Commonsense Computing @ Media

Home | Media Lab | MIT

The Roboverse Domain

Push Singh, Bo Morgan, and Radu Raduta

In order to separate the study of architectures for commonsense thinking from the need for immense commonsense knowledge bases, we have built a virtual physical world in which several simulated people work together to solve problems, for example, to build a table. Each person engages in commonsense reasoning within the spatial, physical, and social realms to decide what actions to take. The user can interact with these robots via a natural language speech interface to request that they adopt specific goals or take particular actions.

Pink: I see you are building a tower.

Blue: Yes, but I cannot reach that blue block.

Pink: I can reach it. Let me get it for you.

While this domain may seem sparse, its simplicity hides a great depth of issues. In particular, the mental realms we have discussed so far all show up in some form in this domain. Because the world is physically realistic, the people must reason about the effects of gravity on objects and the forces that must be applied to move them. Because the people have synthetic vision systems, they must reason about whether objects that seem to have disappeared behind bigger ones are in fact really still there. Because there are several people, they must reason about the social challenges that arise between them, such as conflicts between their goals and possible opportunities for cooperation. To solve problems in this world requires reasoning simultaneously about the physical, social, psychological, and several other mental realms.

Aaron Sloman proposed this example of a sequence of increasingly sophisticated problems in this domain:

  1. Person wants to get box from high shelf. Ladder is in place. Person climbs ladder, picks up box, and climbs down.
  2. As for 1, except that the person climbs ladder, finds he can't reach the box because it's too far to one side, so he climbs down, moves the ladder sideways, then as 1.
  3. As for 1, except that the ladder is lying on the floor at the far end of the room. He drags it across the room lifts it against the wall, then as 1.
  4. As for 1, except that if asked while climbing the ladder why he is climbing it the person answers: something like "To get the box." It should understand why "To get to the top of the ladder" or "To increase my height above the floor" would be inappropriate, albeit correct.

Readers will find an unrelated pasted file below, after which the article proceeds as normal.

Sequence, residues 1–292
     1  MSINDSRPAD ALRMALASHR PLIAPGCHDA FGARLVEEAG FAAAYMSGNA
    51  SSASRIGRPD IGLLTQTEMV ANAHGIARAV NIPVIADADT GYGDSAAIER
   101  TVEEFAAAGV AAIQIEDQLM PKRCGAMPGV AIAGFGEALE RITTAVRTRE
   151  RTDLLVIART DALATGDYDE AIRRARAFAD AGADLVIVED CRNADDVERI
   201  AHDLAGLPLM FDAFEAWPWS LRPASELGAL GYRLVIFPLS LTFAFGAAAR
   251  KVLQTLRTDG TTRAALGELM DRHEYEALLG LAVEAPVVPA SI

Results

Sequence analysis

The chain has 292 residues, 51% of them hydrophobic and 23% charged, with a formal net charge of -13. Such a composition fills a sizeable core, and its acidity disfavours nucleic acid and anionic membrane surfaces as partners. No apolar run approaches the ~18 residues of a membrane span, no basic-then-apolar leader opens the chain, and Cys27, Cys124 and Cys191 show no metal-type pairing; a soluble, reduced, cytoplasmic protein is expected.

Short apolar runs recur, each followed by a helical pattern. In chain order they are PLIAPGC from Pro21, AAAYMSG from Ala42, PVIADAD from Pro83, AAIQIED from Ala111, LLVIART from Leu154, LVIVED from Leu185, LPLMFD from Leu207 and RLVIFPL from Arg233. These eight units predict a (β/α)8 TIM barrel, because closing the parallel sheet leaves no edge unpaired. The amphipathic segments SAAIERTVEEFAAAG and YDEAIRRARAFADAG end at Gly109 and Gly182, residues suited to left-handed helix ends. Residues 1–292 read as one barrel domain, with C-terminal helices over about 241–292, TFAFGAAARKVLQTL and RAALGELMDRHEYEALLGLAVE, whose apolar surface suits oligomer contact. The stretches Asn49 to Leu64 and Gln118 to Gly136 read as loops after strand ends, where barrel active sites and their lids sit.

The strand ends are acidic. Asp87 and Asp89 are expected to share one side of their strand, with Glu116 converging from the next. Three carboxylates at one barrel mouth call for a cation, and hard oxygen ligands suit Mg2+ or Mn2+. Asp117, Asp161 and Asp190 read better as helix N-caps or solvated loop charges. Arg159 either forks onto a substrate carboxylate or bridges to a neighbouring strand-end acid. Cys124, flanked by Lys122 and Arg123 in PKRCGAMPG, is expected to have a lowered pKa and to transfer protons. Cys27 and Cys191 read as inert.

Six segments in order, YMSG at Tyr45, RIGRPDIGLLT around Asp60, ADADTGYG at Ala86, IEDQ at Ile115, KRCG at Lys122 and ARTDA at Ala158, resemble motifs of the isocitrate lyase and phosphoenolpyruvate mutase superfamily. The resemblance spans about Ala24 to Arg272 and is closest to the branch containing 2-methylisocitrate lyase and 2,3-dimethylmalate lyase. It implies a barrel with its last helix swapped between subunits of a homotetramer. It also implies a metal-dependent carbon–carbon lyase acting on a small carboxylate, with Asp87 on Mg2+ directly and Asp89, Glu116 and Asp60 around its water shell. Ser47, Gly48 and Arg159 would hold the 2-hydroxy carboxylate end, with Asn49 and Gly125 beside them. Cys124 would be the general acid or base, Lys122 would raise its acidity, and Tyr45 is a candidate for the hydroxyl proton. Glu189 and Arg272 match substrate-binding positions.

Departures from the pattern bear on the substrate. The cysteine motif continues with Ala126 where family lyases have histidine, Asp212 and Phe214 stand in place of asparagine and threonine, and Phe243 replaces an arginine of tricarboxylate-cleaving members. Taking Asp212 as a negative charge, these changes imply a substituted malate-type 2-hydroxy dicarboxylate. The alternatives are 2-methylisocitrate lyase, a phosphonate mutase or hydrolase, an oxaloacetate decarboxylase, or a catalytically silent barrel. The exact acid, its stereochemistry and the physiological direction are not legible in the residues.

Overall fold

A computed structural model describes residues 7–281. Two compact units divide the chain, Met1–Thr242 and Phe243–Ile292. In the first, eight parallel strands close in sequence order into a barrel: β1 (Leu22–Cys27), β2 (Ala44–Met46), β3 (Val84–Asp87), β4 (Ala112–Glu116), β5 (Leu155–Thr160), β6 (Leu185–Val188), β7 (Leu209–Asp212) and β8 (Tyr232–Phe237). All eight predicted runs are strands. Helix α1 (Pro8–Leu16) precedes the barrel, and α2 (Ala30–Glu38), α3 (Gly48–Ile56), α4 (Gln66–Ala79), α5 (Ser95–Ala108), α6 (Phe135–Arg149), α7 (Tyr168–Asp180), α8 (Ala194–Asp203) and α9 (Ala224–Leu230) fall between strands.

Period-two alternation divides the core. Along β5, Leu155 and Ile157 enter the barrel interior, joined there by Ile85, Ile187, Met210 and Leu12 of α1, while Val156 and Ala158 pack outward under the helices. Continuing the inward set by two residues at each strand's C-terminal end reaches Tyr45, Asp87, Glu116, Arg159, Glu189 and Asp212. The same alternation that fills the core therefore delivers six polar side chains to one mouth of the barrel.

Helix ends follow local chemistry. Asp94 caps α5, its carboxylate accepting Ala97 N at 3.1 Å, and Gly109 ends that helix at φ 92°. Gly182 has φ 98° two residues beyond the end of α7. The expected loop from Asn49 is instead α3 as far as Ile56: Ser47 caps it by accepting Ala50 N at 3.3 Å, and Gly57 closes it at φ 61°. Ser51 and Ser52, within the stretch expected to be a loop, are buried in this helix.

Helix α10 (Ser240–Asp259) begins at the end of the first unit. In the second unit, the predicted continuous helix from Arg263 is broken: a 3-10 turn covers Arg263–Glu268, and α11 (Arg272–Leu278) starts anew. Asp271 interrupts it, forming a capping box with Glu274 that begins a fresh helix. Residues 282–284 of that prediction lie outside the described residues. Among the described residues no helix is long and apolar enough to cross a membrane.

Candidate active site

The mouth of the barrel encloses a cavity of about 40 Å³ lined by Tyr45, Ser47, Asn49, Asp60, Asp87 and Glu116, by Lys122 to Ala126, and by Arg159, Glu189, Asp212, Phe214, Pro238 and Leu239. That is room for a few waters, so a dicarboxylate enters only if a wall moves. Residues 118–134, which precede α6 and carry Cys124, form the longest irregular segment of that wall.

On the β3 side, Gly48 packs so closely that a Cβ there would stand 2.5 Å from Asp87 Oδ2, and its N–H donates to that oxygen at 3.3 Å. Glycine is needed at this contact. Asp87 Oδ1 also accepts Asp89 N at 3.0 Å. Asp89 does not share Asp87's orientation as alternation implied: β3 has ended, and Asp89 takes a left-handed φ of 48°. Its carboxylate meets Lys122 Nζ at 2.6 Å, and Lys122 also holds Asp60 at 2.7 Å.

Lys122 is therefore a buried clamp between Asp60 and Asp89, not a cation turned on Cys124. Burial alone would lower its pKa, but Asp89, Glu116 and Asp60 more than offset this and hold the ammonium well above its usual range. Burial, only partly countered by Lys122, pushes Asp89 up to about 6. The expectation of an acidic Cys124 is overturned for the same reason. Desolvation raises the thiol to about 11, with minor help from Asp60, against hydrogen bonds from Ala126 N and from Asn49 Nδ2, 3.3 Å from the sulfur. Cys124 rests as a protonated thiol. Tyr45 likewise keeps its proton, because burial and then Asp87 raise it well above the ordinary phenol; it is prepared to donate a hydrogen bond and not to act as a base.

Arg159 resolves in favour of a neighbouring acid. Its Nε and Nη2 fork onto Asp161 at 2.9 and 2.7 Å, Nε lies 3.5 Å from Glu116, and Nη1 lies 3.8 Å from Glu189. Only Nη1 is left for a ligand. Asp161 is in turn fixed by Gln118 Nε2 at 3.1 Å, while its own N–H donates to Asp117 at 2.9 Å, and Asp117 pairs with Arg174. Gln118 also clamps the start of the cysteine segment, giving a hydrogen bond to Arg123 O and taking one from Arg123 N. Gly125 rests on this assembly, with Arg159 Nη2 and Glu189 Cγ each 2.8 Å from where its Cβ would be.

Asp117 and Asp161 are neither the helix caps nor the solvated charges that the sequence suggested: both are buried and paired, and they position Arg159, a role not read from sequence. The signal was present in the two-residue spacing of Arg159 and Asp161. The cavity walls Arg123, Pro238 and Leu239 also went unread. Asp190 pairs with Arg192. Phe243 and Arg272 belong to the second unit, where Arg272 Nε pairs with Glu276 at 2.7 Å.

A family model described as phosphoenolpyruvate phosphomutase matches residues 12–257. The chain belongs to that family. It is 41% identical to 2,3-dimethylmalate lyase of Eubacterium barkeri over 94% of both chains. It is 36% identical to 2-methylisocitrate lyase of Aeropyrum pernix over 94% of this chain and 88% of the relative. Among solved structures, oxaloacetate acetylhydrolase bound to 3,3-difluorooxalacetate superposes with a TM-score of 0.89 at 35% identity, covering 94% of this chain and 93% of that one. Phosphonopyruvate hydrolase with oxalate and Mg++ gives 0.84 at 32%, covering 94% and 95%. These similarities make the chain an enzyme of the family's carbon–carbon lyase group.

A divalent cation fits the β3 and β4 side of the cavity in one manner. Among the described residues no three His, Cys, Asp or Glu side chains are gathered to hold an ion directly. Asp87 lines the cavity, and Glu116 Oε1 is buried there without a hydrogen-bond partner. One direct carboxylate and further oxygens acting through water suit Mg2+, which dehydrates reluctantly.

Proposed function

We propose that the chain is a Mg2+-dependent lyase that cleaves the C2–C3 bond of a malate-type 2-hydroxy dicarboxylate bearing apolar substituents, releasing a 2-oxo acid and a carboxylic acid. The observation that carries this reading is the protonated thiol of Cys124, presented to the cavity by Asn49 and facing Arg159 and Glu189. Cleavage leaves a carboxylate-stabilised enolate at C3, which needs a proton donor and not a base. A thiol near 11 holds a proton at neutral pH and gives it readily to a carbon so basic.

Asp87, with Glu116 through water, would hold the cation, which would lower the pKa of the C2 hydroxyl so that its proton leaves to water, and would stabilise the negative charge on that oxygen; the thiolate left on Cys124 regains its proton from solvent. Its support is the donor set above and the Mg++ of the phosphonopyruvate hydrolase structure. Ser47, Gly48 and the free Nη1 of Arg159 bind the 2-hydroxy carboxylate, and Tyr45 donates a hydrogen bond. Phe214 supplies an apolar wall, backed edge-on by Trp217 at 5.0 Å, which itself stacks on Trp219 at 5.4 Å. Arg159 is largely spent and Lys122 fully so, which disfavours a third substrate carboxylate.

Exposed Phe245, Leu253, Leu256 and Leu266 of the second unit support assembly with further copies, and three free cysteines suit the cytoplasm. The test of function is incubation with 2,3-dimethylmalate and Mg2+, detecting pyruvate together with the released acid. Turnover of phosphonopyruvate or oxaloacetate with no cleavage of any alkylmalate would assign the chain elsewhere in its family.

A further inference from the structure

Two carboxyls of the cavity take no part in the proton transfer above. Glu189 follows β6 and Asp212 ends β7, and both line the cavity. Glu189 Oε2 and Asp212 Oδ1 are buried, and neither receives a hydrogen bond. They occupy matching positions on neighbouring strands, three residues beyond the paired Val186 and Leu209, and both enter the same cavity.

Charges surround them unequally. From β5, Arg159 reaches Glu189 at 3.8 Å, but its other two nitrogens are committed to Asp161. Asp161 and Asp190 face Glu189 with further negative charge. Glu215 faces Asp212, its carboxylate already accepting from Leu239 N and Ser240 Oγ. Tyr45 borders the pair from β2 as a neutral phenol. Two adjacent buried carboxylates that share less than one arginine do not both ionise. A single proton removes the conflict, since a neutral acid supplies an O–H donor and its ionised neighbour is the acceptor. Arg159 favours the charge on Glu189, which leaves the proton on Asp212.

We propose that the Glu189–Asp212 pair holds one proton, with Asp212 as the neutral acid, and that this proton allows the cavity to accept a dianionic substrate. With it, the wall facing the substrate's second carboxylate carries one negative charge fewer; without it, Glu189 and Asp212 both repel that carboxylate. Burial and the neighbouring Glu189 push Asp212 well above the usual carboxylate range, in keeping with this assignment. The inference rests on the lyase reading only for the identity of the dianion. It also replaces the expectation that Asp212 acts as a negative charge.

5. As for 2 and 3, except that when asked, "Why are you moving the ladder?" the person gives a sensible reply. This can depend in complex ways on the previous contexts, as when there is already a ladder closer to the box, but which looks unsafe or has just been painted. If asked, "would it be safe to climb if the foot of the ladder is right up against the wall?" the person can reply with an answer that shows an understanding of the physics and geometry of the situation.
  6. The ladder is not long enough to reach the shelf if put against the wall at a safe angle for climbing. Another person suggests moving the bottom closer to the wall, and offers to hold the bottom of the ladder to make it safe. If asked why holding it will make it safe, gives a sensible answer about preventing rotation of ladder.
  7. There is no ladder, but there are wooden rungs, and rails with holes from which a ladder can be constructed. The person makes a ladder and then acts as in previous scenarios. (This needs further unpacking, e.g. regarding sensible sequences of actions, things that can go wrong during the construction, and how to recover from them, etc.)
  8. As for 7, but the rungs fit only loosely into the holes in the rails. Person assembles the ladder but refuses to climb up it, and if asked why can explain why it is unsafe.
  9. Person watching another who is about to climb up the ladder with loose rungs should be able to explain that a calamity could result, that the other might be hurt, and that people don't like being hurt.

We are developing our commonsense reasoning systems by making them face a substantial library of such graded sequences of mini-scenarios that require them both to learn new skills, to improve their abilities to reflect on them, and (with practice) to become much more fluent and quick at achieving these tasks.

For more discussion about this approach please visit Aaron Sloman's web page Metrics and Targets for a Grand Challenge Project Aiming to produce a child-like robot.

2004 MIT Media Lab